Remember that braking generates friction, which in turn increases heat. So if you are in stop-and-go traffic, make it a point to creep your car rather than alternating between braking and accelerating.

Open the hood

Don't open the hood right after you park your car: wait for at least 15 minutes so that the engine fully cools down. Remember that a hot engine can spew boiling coolant or smoke under high pressure, causing you serious bruises. Be very careful when opening the hood. We highly recommend using gloves when touching the engine.

Some people pour water over the radiator as soon as smoke stops coming out of the engine, in order to bring the temperature further down. But we don't recommend doing this because, if not timed properly, the radiator may crack.

Check for the leak

Identifying issues in the cooling system isn't too difficult, even if you are not a professional mechanic. Start by checking the coolant tank, which is usually a translucent plastic container near the radiator.

1. If you find the coolant tank empty, then you may have sprung a leak. Look underneath the car. If you see a drip or a puddle, chances are the coolant tank is leaking.

If there is a leak, locate the radiator cap using the owner's manual if necessary. Open the cap carefully with a towel over it to protect your hand. Now fill the cooled radiator with spare coolant and an equal volume of antifreeze until the liquid fills to the brim. Also fill coolant to the small plastic reservoir that's adjacent to the radiator.

Close the cap and restart the engine. If the gauge returns to its normal position and the red light disappears, you are good to go. But don't forget to get the cause of the leak fixed as early as possible at the nearest repair shop.

2. Now, what should you do if you find that the coolant tank is full and yet the engine is overheating? In this scenario, the issue is probably electrical or mechanical, in which case it's essential to request a tow to the nearest repair shop. A leaking hose, worn or broken fan belt, bad water pump, or faulty thermostat could be the reasons behind the overheating engine.

Things Not to Do If Your Car Overheats

The steps we've talked about so far may have also given you ideas about what you shouldn't be doing when your car overheats. To keep your mind more attuned to these steps, we've listed key points and other information.

Don't panic

You must remain calm after noticing that the engine is overheating. If you panic, you may do things in haste, which may prove to be counterproductive. Keep your head cool, and slowly pull over to a safe stop and turn off the engine.

Stop driving

Don't push your engine too far. Once you notice that your engine is overheating, stop driving your car any further and pull over at a safe place right away. Driving on will only make your engine susceptible to permanent damage.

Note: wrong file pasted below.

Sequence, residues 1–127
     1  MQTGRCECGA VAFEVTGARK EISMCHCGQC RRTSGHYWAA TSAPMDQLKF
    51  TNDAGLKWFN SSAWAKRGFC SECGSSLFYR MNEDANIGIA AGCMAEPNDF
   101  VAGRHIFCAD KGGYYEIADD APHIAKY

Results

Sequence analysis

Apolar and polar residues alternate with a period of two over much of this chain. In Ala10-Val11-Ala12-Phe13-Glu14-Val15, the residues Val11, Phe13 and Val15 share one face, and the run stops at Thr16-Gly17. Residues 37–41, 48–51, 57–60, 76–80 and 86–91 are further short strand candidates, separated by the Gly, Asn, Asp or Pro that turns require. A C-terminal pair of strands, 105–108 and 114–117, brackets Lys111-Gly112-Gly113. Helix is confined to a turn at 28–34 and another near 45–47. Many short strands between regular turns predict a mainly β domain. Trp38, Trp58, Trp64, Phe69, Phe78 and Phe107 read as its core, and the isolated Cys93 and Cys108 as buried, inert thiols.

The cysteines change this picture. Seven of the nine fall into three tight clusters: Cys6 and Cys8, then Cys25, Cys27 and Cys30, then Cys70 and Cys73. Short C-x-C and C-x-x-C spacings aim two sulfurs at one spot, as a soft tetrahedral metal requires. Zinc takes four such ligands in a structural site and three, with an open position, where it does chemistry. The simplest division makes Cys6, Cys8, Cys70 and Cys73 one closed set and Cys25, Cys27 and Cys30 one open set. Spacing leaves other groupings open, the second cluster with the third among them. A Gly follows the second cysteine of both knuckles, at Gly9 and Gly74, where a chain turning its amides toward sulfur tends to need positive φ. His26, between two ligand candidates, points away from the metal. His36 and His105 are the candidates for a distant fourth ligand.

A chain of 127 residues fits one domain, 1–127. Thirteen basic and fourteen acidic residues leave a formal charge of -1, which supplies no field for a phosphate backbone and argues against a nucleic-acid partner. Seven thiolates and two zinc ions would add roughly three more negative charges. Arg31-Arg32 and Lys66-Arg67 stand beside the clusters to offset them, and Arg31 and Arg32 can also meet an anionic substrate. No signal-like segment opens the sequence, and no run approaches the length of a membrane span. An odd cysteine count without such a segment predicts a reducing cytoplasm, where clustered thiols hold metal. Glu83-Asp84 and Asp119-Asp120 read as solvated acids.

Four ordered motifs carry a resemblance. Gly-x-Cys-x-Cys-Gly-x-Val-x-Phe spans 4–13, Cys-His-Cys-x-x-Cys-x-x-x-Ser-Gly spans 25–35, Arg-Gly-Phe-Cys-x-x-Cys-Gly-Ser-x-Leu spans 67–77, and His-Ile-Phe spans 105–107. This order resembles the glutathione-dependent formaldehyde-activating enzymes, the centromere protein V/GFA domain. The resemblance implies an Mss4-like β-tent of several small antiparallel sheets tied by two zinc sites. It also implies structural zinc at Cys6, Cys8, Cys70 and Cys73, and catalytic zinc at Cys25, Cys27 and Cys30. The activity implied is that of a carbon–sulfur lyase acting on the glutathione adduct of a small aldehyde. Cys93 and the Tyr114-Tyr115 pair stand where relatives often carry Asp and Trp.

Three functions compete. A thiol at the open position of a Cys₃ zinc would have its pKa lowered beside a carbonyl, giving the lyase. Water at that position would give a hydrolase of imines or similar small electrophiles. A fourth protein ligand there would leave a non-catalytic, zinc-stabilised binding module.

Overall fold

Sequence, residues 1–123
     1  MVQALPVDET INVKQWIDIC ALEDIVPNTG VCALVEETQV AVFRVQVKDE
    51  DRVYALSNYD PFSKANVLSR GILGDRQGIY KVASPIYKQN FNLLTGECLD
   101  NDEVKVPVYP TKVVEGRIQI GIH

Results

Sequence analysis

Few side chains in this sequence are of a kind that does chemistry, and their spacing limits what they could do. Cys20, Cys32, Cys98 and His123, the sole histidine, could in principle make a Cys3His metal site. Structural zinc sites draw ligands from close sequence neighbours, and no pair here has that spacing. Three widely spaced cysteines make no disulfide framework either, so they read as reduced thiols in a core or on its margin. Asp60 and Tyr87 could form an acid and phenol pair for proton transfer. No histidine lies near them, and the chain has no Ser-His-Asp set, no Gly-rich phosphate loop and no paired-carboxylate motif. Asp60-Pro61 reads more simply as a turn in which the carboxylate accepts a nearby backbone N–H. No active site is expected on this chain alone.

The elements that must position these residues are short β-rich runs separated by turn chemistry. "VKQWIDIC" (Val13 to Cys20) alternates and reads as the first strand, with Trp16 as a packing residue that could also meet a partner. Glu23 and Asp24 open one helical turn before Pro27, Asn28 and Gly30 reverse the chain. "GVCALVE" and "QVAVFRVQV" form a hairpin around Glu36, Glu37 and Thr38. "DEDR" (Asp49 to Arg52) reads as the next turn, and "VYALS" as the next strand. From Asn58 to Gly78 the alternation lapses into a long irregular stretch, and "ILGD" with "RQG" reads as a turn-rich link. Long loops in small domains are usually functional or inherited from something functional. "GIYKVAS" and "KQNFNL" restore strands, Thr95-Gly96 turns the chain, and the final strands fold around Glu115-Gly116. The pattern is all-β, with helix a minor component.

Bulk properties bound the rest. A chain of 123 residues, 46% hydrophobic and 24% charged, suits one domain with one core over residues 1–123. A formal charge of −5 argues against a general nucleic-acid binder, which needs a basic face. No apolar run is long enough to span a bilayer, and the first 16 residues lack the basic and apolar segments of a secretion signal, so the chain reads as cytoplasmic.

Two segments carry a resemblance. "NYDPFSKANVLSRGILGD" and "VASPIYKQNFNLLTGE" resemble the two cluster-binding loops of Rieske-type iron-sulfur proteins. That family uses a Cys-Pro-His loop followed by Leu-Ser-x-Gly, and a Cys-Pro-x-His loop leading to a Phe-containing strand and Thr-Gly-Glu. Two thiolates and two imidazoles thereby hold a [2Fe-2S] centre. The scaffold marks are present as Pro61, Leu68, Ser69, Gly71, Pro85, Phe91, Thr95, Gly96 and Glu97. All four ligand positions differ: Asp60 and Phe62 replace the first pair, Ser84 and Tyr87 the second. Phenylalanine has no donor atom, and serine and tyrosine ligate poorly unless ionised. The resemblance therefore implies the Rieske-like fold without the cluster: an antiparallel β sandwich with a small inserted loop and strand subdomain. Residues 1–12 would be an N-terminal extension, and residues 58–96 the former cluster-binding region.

Refrain from immediately opening the hood

An overheating engine could jeopardize your health with steam and smoke. Be patient and wait until the engine completely cools down before you open the hood. Waiting will take only 15 minutes at the max.

Don't leave this issue unaddressed

Sure, adding coolant removes the excessive heat from your engine, making it run again. But it doesn't fix the underlying cause, and if the issue goes unattended for long, you are doing more harm to the engine. To ensure that the engine doesn't go kaput, get it examined at a nearby service center or repair shop without further delay.

How to Prevent an Engine From Overheating

Knowing dos and don'ts for an overheating engine goes a long way to safeguard it from serious damage. But preventing your engine from overheating in the first place will not only save you from the hassle down the road but also let you enjoy your trip uninterrupted.

Here are preventive measures that you should be taking so that a fault in the engine doesn't spoil your road trip.

  • Check your car's coolant levels consistently. Keep in mind that most of the coolant lasts up to 100,000 miles.
  • Even if you have your coolant at the right levels, it gets dirty over time and will need replacement. Keep the coolant flushed regularly.
  • Check your drive belt to make sure that there is no unusual wear or tear.
  • Keep an extra bottle of new antifreeze and a gallon of water in your trunk for emergencies.
  • Keep a check on the thermostat: it's responsible for regulating the engine's coolant flow.
  • Use AC on extremely hot days; otherwise, your engine will come under unnecessary strain.
  • Help cool the engine by running the heater at the first sign of overheating.
  • Make sure you always park your car under a shade so that sun rays don't increase the engine temperature further.


It's rare for modern cars to overheat, but remember that it's not entirely impossible. Sometimes an engine can overheat when it's being worked too hard, like driving up steep inclines for a long time or driving under extremely hot weather. These situations can be problematic for the engine, given the amount of strain it has to endure.

But most of the time, engines overheat because of problems with the cooling system, and oftentimes hidden behind those problems are even larger issues. Regular maintenance checks will help identify issues early on.

We hope the information in this article will be of use to you. If you have any worries, get the help of an experienced technician. If you've ever experienced an engine overheat, you should get your car checked and fixed to avoid any serious or permanent damage.